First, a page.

Photo/Illutration Some of the trees in the Meiji Jingu Gaien district that stand in front of the National Stadium. (Asahi Shimbun file photo)

More than 400 trees in the Meiji Jingu Gaien complex might be spared the ax under a redevelopment project that includes the construction of two high-rises, after the plan drew an objection from a UNESCO entity.

The Tokyo metropolitan government on Aug. 16 approved an environmental assessment report submitted by the developers.

The report included a new plan to reduce the number of trees to be felled in the district from 971 to 556.

When the initial plan was submitted, the Japan ICOMOS National Committee, an advisory body of the United Nations Educational, Scientific and Cultural Organization, called for an urgent overhaul of the project that would have felled about 70 percent of the trees in one of the few areas with greenery in the capital.

After the initial plan was made public, members of the metropolitan government’s environmental assessment council asked the developers to present an explanation for the number of trees to be cut down.

That was an unusual move that delayed the schedule of deliberations by the council.

The redevelopment plan includes tearing down in a phased manner Meiji Jingu Stadium and Chichibunomiya Rugby Stadium and switching their current locations.

The development project is being led by the real estate developer Mitsui Fudosan Co. and includes other entities.

Developers explained that of the 415 trees no longer scheduled to get the ax, 311 were initially counted as those to be felled even though the trees will not be directly affected by the construction project.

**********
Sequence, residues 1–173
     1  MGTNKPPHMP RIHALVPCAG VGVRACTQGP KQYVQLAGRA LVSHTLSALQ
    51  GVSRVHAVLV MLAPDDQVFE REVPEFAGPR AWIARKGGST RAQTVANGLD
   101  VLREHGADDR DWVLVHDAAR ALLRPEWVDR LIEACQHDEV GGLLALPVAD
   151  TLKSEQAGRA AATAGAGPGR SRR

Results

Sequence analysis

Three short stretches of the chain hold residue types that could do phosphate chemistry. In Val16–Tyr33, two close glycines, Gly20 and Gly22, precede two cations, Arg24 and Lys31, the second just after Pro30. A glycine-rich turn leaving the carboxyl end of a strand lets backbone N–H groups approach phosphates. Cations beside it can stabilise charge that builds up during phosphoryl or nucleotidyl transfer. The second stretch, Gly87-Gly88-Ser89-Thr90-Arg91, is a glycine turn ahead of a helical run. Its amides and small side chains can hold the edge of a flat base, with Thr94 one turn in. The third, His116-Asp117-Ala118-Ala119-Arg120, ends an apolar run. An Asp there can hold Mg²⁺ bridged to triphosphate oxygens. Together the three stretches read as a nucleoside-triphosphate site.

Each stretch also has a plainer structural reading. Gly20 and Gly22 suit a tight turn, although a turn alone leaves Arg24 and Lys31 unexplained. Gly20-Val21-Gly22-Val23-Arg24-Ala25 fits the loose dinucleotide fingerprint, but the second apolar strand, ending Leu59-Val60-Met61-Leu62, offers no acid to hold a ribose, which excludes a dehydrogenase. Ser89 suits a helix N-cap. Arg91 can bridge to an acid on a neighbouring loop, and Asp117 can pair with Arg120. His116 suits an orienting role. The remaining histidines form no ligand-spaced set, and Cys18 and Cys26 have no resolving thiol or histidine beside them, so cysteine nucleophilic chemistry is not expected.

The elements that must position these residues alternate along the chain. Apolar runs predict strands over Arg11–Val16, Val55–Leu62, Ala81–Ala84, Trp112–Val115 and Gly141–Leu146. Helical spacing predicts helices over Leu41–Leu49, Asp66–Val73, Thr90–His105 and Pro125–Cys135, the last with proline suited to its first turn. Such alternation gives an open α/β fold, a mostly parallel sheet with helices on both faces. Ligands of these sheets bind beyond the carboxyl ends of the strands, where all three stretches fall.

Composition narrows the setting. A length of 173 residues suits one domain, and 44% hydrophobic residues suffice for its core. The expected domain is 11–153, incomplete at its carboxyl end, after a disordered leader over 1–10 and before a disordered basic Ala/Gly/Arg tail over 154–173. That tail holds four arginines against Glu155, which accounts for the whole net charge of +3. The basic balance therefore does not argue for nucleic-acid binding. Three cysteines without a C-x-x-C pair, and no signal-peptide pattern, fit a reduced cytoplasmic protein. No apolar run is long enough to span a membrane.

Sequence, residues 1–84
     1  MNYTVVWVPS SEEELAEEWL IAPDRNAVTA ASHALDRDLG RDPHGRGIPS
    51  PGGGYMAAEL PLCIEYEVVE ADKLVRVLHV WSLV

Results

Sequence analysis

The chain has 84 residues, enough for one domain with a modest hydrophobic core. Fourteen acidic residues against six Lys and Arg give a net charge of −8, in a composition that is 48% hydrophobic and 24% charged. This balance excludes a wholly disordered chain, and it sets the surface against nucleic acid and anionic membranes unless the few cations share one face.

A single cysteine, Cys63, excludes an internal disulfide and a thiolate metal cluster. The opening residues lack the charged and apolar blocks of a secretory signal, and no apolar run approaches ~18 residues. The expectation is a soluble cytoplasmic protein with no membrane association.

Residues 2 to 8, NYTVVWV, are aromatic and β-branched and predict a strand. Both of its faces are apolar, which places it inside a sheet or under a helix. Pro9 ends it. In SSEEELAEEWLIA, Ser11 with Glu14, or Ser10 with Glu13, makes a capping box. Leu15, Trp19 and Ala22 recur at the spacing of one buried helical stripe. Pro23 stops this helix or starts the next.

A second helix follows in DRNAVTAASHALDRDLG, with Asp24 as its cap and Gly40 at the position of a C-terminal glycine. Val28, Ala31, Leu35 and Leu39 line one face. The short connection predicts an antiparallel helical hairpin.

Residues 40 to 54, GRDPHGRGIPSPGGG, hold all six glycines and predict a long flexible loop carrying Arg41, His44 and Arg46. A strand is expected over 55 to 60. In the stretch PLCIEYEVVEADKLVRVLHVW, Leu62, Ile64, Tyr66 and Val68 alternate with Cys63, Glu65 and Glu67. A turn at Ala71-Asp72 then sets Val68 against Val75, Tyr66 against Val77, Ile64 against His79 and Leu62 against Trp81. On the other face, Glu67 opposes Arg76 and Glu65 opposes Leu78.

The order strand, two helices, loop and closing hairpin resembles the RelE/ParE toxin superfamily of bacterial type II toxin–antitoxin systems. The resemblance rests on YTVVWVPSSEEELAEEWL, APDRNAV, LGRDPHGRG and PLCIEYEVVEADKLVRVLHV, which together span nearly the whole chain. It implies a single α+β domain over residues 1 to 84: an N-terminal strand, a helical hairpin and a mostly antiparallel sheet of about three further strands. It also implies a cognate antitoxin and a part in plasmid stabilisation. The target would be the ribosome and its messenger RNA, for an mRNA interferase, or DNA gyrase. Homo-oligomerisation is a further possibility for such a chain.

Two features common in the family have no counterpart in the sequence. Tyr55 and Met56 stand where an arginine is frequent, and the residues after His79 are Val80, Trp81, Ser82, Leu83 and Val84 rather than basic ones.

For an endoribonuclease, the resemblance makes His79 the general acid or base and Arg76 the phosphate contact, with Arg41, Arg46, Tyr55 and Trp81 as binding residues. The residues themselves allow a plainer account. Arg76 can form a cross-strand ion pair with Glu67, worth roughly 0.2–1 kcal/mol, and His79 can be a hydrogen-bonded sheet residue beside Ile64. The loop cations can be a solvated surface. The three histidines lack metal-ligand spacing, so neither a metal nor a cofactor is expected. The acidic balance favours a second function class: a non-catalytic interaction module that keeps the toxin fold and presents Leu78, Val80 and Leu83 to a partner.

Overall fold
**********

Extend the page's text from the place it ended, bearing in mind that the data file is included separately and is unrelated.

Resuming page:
Those trees were thought likely to die off naturally over time. But under the new plan, the trees will remain in place or be transplanted elsewhere.

Of the remaining 104 trees, 85 were scheduled to be cut down because it was believed difficult to sufficiently preserve the root areas.

But upon closer inspection, arborists concluded that those trees could be transplanted as well.

As for 19 gingko trees to the east of the rugby stadium originally scheduled to be cut down, further consideration will be given to transplanting those trees after a more detailed study.

If the environmental assessment process concludes as it now stands, construction work would begin. Mitsui Fudosan officials said they were eyeing starting sometime in 2023.

The developers also said further study would be conducted on the famed gingko tree-lined avenue that stretches from Aoyama-dori Street to the Meiji Memorial Picture Gallery, which has often been used as a backdrop in movies.

Those trees are not scheduled to be cut down, but council members asked for an explanation about what would happen to the trees.

The developers said if a further study leads to possible negative effects to the healthy development of the trees from the reconstruction of the baseball stadium, other measures would be considered and implemented.

The Asahi Shimbun